Bizarre buildup, then odd finish to ‘Korean Derby’ in football World Cup qualification

South Korea (in white) and North Korea (in red) in action in their Group H match in Pyongyang on Oct. 15, 2019. (Yonhap)

South Korea (in white) and North Korea (in red) in action in their Group H match in Pyongyang on Oct. 15, 2019. (Yonhap)

Seoul: The bizarre show has finally ended, albeit with an unexpected twist.

South Korea’s scoreless draw with North Korea in their World Cup qualifier in Pyongyang on Tuesday wasn’t the result they had hoped for, but at least it brought a merciful end to the overriding sense of strangeness surrounding the much-anticipated contest.

The Group H match in the second round of the Asian qualification for the 2022 FIFA World Cup was South Korean men’s first away match in North Korea in 29 years.

The expectation for the rare Korean derby had been building up since the two Koreas were placed in the same group in July.

The two sides were also in the same group in two straight qualifying rounds for the 2010 World Cup. In regional qualifiers, teams play each other twice in a home-and-away format, but the two scheduled home matches for North Korea against South Korea were held in Shanghai instead. North Korea refused to display the South Korean national flag or play its anthem during the pre-game ceremony.

With an air of detente on the divided peninsula, albeit tempered by some recent North Korean provocations, South Korea hoped that this time the match would be played in Pyongyang without a hitch.

But North Korea remained uncooperative in preparations for the match. It stonewalled South Korea’s repeated calls for talks on itinerary, logistics and other administrative matters.

It wasn’t until late September that South Korea learned, through the Asian Football Confederation (AFC) as its intermediary, that the match would take place in Pyongyang as scheduled. Then, only five days prior to the match, it was determined that the South Korean team, coached by Paulo Bento, would have to travel to Pyongyang via Beijing. Bento had hoped his players would reach Pyongyang by land to save time, but they ended up spending a night in the Chinese capital.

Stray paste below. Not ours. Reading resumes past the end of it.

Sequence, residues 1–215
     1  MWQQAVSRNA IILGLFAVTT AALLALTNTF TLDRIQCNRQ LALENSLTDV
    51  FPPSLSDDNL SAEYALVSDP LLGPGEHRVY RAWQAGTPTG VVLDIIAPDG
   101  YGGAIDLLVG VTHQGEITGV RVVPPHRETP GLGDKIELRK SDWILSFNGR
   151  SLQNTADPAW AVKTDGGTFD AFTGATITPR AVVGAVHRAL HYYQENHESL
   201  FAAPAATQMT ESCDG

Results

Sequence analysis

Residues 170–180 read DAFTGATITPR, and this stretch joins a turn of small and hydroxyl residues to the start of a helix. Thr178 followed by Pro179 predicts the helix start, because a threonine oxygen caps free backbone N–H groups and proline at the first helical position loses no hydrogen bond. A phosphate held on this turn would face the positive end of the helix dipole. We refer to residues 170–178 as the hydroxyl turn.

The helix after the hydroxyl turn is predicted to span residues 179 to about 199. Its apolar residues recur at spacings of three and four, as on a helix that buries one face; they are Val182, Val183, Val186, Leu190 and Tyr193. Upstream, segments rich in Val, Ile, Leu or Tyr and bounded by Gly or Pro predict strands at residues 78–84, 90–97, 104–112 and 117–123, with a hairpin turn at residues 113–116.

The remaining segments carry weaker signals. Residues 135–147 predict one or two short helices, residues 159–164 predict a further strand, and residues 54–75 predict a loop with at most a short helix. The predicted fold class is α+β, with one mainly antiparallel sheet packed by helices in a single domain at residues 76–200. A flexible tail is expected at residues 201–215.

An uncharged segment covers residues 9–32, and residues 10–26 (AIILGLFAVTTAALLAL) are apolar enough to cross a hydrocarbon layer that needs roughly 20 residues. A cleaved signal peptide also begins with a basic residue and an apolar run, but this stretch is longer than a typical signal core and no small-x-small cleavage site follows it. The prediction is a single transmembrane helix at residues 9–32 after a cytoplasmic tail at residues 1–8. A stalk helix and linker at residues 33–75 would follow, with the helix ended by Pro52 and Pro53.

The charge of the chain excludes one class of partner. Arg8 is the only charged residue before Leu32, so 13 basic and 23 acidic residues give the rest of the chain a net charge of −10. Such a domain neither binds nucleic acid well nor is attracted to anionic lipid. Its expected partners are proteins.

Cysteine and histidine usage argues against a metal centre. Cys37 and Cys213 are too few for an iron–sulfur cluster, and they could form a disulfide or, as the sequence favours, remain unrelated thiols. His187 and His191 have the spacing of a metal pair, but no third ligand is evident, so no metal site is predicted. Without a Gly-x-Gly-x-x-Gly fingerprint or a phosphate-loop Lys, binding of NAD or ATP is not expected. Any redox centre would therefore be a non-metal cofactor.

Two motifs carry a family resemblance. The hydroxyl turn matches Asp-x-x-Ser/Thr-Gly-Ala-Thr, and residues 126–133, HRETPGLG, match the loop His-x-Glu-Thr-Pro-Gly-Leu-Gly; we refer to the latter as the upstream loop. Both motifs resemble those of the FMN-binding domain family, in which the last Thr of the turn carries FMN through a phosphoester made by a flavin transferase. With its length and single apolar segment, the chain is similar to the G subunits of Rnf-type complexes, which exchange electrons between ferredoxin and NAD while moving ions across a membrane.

North Korea also declined to issue visas for South Korean nationals other than the players and members of the national team support staff, which meant no South Korean fans, journalists and broadcasting crew.

There was no live broadcast of the match in South Korea.

Experts on inter-Korean relations say this series of moves — or non-moves — indicated North Korea’s displeasure with South Korea over what it claims to be a lack of initiative in pushing for cross-border exchange.

As if not allowing fans or journalists from the opposing team weren’t already strange enough, there was one more twist to the saga — Tuesday’s match was held behind closed doors.

An AFC official said there was no prior discussion regarding the presence of spectators, though one could suspect that North Korea, an overwhelming underdog at No. 113 in the world rankings, didn’t want to embarrass themselves against the 37th-ranked South Korea before their home fans.

While little else is known about the match other than the final score and four yellow cards being issued, North Korea apparently held their ground against the favorites. South Korea threw Tottenham Hotspur attacker Son Heung-min and red-hot Salzburg forward Hwang Hee-chan at North Korea, to no avail.

The South Korean team will return home the same way it left, with a stopover in Beijing. They’re scheduled to arrive back in the early hours of Thursday.



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